He received the backing of his party and the Green Party (115 MPs in total), while most MPs from the Centre Party, Liberal Party and Left Party (77 MPs) abstained from the vote, although one Centre Party MP voted 'no'.
The Moderate Party, Christian Democrats and Sweden Democrats all voted against.
This result was expected after after parliamentary speaker Andreas Norlén formally nominated Löfven as prime minister two days earlier.
Friday's vote was the third parliamentary vote on a prime minister candidate after the close election result left Sweden in political deadlock in September.
The centre-left bloc won 144 seats (Social Democrats, Greens, Left), the centre-right bloc 143 seats (Moderates, Liberals, Centre, Christian Democrats), and the far-right Sweden Democrats 62 seats, leaving no bloc with an outright majority.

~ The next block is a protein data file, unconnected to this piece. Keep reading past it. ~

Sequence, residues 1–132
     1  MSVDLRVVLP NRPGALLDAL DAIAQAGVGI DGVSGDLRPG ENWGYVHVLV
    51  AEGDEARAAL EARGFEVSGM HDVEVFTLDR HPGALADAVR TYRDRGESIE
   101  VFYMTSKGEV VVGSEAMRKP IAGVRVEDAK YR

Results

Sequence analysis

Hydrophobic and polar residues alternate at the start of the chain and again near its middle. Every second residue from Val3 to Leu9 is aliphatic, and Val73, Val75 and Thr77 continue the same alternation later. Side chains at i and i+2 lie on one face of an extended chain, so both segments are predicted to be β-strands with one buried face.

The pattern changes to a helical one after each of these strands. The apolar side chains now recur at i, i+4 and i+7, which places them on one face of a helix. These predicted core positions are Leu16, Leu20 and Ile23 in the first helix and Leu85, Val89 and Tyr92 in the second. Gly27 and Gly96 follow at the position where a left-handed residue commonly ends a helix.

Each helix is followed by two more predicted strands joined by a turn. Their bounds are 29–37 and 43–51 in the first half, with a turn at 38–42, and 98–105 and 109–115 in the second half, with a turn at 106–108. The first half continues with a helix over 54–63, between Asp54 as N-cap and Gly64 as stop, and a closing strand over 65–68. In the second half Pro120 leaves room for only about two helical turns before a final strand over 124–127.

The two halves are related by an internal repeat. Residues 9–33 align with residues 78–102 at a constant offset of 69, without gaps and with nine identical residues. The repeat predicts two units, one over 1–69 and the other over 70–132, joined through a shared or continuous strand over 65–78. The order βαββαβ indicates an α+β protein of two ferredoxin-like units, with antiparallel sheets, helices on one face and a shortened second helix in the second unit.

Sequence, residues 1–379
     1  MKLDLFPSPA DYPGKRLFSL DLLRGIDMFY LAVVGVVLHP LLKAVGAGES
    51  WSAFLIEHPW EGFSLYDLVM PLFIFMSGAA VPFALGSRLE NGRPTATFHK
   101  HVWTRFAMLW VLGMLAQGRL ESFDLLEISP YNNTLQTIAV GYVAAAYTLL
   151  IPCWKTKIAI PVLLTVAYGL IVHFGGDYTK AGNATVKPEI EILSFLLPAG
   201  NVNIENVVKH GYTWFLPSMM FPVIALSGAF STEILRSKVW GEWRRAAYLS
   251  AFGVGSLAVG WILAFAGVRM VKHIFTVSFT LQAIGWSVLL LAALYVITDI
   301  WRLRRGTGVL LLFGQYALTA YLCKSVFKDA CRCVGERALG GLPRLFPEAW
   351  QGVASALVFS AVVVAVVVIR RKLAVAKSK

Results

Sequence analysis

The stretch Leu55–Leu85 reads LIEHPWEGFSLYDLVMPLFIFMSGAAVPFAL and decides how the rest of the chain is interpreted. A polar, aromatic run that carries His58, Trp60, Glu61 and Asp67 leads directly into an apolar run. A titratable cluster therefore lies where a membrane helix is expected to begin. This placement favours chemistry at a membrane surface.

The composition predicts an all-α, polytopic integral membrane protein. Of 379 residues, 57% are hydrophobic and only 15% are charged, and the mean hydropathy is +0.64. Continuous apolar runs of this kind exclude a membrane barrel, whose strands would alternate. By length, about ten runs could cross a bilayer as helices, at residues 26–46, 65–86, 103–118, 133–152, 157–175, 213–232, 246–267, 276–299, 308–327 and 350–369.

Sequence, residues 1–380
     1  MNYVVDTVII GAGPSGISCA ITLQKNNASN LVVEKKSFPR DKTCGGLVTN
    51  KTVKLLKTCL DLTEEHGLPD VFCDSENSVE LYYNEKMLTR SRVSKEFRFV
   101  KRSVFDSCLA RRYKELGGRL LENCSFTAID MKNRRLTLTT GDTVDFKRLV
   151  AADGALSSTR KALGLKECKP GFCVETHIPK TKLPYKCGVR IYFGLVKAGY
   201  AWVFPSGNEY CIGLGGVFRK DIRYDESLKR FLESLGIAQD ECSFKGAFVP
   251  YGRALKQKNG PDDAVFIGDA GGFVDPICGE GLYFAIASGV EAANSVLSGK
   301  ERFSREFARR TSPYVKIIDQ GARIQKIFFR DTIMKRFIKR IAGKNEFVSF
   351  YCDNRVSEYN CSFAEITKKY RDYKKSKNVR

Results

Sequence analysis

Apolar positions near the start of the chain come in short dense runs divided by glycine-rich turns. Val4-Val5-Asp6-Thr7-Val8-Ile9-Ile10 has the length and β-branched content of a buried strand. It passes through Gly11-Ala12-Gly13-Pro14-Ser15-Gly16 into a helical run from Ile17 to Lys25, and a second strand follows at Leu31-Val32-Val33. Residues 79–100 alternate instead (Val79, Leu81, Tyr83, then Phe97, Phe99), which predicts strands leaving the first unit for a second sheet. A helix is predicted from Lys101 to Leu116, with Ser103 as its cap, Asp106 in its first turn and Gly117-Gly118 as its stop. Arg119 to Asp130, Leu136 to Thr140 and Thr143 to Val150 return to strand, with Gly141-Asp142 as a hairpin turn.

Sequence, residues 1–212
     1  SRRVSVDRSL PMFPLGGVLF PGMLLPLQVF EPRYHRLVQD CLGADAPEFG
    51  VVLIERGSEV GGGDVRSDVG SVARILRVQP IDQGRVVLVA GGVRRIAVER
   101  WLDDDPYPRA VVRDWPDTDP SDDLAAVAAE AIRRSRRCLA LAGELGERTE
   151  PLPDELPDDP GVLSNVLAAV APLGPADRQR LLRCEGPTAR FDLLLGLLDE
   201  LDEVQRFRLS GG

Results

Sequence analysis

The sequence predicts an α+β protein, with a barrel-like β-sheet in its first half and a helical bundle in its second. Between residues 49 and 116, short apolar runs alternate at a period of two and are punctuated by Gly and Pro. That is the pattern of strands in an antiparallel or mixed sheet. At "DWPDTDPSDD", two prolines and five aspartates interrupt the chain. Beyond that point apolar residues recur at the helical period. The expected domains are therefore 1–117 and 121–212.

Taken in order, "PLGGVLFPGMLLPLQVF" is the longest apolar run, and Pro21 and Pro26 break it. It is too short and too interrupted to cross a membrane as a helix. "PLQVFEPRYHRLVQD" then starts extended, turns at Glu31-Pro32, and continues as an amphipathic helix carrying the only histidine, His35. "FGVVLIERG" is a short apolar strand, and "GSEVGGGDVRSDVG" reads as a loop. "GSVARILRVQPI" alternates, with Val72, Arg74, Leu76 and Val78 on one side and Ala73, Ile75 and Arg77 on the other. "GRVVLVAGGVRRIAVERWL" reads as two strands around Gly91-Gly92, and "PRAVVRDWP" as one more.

Speaker Andreas Norlén admits to being relieved the process is over. His calm, slightly geeky, manner has made him quite popular with Swedes in the past few months. pic.twitter.com/ZkheJccUtL— Emma Löfgren (@ekjlofgren) January 18, 2019
Moderate Party leader Ulf Kristersson criticizes his former centre-right Alliance colleagues for dealing with the Social Democrats. “We don’t outsource our policies to parties that have fought them.” pic.twitter.com/HdLh3ddQJb— Emma Löfgren (@ekjlofgren) January 18, 2019